What Defines a Recession? And Is a Soft Landing Possible?

One question at the forefront of investors’ minds is whether the economy can achieve a so-called “soft landing” in the face of high inflation, rising interest rates, Fed rate hikes, geopolitical conflicts, and other challenges. A soft landing would require the economy to slow gradually without creating a downward spiral in consumer demand and business investment. While the market correction this year has created a challenging investment environment —especially with the steep pullback in growth stocks— a recession is possible but not inevitable. What market and economic measures should long-term investors focus on in the coming months?

First, it’s important to define what is meant by “recession.” When many investors think of a recession, what comes to mind is a historic market and economic crash like the ones experienced during the pandemic shutdown of 2020, the global financial crisis of 2008, or the dot-com bust of the early 2000s.

Yet while events like these are always theoretically possible, the problem occurs when investors worry about them at the expense of long-term growth. History shows that doing so is not only unnecessary but counterproductive. For example, during the bull market from 2009 to 2020, investors constantly worried about another financial crisis. Staying invested in a diversified portfolio built to withstand market uncertainty would have been the much better approach.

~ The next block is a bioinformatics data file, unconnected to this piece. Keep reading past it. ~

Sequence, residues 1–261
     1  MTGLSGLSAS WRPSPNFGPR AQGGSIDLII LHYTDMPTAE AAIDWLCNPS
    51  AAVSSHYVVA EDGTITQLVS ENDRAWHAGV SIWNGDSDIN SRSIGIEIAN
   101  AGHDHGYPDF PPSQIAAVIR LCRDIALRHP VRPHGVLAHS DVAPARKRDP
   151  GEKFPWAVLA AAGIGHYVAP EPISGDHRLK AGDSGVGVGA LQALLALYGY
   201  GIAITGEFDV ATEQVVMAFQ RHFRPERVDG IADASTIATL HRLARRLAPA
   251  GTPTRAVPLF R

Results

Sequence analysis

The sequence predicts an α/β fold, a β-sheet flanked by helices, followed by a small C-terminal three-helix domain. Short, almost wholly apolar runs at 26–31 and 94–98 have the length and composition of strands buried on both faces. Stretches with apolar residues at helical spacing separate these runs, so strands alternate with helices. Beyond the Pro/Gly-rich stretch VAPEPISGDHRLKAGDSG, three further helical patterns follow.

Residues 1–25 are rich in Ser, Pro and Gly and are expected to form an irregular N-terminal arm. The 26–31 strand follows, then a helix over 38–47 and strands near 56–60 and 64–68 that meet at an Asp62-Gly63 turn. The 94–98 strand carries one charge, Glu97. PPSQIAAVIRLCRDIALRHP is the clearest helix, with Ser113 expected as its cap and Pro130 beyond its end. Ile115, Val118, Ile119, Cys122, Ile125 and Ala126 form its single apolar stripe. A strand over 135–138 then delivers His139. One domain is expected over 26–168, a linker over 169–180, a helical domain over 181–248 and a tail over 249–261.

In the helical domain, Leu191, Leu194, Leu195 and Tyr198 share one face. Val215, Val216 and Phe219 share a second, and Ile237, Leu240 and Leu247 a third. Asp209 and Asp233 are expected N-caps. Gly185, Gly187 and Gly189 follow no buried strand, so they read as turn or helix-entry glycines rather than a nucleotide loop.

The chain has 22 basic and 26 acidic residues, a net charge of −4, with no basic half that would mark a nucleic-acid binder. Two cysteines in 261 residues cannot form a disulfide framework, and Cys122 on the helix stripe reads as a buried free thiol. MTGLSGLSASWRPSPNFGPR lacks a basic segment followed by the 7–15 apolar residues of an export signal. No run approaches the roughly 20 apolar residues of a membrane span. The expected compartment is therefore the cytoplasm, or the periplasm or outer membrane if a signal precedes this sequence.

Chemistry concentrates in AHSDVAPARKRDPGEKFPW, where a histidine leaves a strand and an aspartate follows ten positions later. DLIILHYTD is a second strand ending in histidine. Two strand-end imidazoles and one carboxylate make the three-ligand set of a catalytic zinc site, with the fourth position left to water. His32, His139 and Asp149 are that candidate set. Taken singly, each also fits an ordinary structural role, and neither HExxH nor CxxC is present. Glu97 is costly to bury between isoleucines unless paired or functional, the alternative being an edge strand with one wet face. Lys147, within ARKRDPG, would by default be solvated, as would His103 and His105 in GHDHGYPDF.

Instead, a more useful definition of “recession” is simply a temporary decline in economic activity. Prior to the 1990s, there were many short recessions that occurred on a regular basis. These were nothing more than periods of adjustment that reallocated resources within the economy. While there is a real consequence to individuals and businesses, these periods are necessary to move precious economic resources and capital away from unproductive areas to where they can be most valuable. In other words, recessions are a natural part of the business cycle and help sow the seeds of future growth.

Today, an important consideration is that the economy did shrink in the first quarter by 1.5% compared to the end of last year, based on official measures of gross domestic product. Thus, it’s possible for there to be a “technical recession” — that is, two consecutive negative quarters. However, a slowing of the economy, and possibly shrinking by a percent or two, is far different from what many consider to be a recession. Additionally, many other measures of the economy suggest that consumers and businesses are still doing quite well, despite rising prices. The National Bureau of Economic Research, the official organization that determines recession dates, looks at a variety of economic factors, and not just at GDP.

Specifically, last week’s jobs report showed that the economy added 390,000 new jobs in May, exceeding what economists had expected. In total, more than 95% of the jobs lost during the pandemic downturn have been recovered, including in hard-hit industries leisure and hospitality. This monthly gain is also well above the historical average of 148,000 per month over the past ten years. This has kept unemployment at 3.6%, one of the lowest levels in history, and near pre-pandemic lows.